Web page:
Posted on February 1, 2016
Do you know Flat Stanley?
Flat Stanley is a paper boy that kids cut out, color, and send to friends, family, and pen pals. These friends and correspondents take pictures of Stanley in different places and send those pictures back to his owner. Once the pictures come back, the kids write stories about where Stanley has been and what he did during his trip(s).
The Flat Stanley exercise helps kids learn “authentic literacy.” Kids get to create and write about the stories and ideas they are passionate about.
Flat Stanley made me wonder, can historians and history teachers use a version of this idea to help kids learn and become passionate about history?
In this post, you will discover my new experiment for 2016: #TravelinBen.
I have two nephews and a niece.
I met my eldest nephew when he was 6 or 7 years old. He talked my ear off for hours about Pokémon during our first meeting. It was cute even if I had no idea what to do with the conversation. Today, he’s 18 and a freshman in college.
My other nephew and niece are young. My youngest nephew is 1 year and my niece is 3.5 years old.
Admittedly, I am not a baby person and I feel (and likely look) clueless around little kids. However, my niece has decided she won’t stand for a clueless auntie.*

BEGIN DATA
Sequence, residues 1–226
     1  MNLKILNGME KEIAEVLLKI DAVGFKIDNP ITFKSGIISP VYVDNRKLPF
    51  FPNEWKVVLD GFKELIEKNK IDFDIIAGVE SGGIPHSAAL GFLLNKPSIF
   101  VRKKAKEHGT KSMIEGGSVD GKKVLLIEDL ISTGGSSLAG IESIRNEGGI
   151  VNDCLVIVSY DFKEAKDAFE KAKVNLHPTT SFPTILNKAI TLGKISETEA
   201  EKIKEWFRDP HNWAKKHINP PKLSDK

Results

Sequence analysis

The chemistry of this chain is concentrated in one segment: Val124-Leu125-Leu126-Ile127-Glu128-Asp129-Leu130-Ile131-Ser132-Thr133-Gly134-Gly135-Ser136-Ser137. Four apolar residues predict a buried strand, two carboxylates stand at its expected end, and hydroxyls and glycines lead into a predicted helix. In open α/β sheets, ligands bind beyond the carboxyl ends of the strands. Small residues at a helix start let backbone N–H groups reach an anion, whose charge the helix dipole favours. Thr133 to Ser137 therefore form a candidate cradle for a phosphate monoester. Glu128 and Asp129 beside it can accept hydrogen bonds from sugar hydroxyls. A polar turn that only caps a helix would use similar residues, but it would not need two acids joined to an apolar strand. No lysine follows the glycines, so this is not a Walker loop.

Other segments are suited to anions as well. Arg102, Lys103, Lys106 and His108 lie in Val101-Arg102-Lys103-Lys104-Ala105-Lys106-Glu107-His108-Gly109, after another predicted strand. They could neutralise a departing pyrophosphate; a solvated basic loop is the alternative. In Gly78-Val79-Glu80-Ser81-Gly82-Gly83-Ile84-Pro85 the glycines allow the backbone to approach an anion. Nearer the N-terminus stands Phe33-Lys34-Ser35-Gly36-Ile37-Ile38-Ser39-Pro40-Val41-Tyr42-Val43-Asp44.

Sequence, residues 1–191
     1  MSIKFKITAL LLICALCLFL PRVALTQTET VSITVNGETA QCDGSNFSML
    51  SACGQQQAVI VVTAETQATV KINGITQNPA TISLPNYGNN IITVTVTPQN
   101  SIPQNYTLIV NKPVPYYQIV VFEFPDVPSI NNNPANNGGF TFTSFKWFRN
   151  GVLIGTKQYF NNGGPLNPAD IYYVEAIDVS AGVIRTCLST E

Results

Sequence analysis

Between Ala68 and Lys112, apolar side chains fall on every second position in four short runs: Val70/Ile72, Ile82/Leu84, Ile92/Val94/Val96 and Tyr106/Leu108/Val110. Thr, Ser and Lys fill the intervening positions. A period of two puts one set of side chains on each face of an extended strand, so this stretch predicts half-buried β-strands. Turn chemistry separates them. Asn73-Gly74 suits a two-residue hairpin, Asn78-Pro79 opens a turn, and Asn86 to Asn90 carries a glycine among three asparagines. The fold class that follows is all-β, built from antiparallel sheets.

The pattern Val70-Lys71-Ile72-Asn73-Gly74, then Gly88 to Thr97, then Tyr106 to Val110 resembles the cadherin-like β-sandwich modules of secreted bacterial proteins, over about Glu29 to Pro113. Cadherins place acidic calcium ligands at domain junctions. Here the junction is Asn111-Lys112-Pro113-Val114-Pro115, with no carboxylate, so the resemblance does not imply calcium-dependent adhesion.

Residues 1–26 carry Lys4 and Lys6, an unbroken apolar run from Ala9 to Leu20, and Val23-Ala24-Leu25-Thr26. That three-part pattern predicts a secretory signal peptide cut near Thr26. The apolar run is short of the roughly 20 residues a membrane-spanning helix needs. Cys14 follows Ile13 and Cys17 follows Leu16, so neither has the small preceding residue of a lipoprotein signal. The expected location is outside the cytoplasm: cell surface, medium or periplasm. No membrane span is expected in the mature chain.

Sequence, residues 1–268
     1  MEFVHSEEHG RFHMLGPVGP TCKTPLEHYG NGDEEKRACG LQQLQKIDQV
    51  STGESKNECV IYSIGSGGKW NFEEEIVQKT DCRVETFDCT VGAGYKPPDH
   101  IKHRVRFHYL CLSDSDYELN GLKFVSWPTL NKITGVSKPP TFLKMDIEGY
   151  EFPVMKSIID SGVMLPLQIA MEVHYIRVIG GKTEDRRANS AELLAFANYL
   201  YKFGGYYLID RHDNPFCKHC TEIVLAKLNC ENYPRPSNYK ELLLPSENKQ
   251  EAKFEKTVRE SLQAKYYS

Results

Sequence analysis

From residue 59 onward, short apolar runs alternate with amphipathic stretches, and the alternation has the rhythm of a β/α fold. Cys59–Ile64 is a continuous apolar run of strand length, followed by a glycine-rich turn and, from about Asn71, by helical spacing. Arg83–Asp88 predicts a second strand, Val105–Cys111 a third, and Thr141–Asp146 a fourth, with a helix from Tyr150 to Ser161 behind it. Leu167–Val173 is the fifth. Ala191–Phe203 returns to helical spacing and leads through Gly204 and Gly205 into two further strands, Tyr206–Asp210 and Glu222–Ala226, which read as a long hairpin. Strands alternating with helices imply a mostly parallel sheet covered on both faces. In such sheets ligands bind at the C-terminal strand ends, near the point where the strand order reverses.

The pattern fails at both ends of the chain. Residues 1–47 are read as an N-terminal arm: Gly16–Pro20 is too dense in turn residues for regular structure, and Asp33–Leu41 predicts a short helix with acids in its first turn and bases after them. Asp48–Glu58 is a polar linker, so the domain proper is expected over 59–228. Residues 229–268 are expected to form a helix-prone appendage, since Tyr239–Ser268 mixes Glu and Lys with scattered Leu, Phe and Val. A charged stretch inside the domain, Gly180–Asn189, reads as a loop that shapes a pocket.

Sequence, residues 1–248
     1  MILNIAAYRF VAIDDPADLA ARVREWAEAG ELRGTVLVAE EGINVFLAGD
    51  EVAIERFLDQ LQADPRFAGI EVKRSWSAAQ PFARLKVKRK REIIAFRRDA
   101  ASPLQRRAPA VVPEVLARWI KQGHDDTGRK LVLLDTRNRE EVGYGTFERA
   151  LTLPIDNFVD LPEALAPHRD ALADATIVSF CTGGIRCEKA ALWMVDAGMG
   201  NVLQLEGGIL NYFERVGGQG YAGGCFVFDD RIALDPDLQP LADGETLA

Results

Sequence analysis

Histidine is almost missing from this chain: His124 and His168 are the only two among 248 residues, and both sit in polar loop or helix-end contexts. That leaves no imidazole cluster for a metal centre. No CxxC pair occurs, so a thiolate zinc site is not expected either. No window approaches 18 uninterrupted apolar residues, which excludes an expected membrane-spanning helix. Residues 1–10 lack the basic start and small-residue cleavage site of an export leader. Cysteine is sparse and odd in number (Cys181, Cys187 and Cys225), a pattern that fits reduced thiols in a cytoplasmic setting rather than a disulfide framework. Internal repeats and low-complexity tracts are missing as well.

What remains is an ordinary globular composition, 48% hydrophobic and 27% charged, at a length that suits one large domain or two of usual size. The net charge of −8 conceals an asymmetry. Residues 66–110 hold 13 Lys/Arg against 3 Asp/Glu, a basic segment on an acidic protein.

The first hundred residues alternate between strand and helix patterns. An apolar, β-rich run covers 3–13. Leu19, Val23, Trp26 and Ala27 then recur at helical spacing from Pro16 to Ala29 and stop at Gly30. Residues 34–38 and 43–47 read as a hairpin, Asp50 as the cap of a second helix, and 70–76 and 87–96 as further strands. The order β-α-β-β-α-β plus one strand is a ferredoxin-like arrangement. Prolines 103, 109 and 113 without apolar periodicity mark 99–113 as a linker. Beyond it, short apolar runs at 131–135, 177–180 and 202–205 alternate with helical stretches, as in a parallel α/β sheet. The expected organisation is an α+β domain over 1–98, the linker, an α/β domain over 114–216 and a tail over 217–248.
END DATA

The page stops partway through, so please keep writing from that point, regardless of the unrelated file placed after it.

Every time I walk into her house for a visit, she runs up, gives me a hug, and takes me to her playroom. We color, build Lincoln Logs, go shopping at her store, play doctor, and serve tea with her princess tea set. Mostly, she just bosses me around.
It’s cute and smart. My niece is bringing me into her little-kid world through play.
My niece’s intuitive actions have caused me to wonder whether the process can be reversed. If a 3.5 year old can bring a 34 year old into her world through play, why can’t I bring my niece into my world using the same idea?
If my niece loves to play princess tea party, why wouldn’t she love to play Boston Tea Party?Leave a Comment
Posted on January 21, 2016
Ben Franklin’s World has its first sponsor and partner: The Omohundro Institute of Early American History and Culture!
Together we are producing “Doing History,” a 12-episode series that will answer listener questions about the work historians do and serve as an educational resource for those who teach history.
I am really excited about this series and to work with the folks at the OI.
You can read the official announcement on the Omohundro Institute website.
The partnership between the Omohundro Institute and Ben Franklin’s World came about because I asked for help.
When I launched Ben Franklin’s World in October 2014, I thought I had considered every aspect of the show: I knew how I would record the show; why I would hire a sound engineer; why I would host my audio files with Libsyn instead of Soundcloud; how long my episodes would be; why my in-show music would be Bach; why my website had to be designed to host a podcast; and why I wanted to call the show Ben Franklin’s World.
What I never considered was what I would do when the show became successful:
Posted on January 14, 2016
What makes popular history books “popular?”
Over the last few months, I have read several popular history books for Ben Franklin’s World.